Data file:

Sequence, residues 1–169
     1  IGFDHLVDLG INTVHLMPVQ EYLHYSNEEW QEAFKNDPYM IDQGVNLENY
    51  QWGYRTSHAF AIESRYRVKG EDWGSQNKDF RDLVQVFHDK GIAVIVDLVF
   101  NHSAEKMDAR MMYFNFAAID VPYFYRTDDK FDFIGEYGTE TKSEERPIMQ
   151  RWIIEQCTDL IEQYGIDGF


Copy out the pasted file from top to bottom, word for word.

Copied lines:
Sequence, residues 1–169
     1  IGFDHLVDLG INTVHLMPVQ EYLHYSNEEW QEAFKNDPYM IDQGVNLENY
    51  QWGYRTSHAF AIESRYRVKG EDWGSQNKDF RDLVQVFHDK GIAVIVDLVF
   101  NHSAEKMDAR MMYFNFAAID VPYFYRTDDK FDFIGEYGTE TKSEERPIMQ
   151  RWIIEQCTDL IEQYGIDGF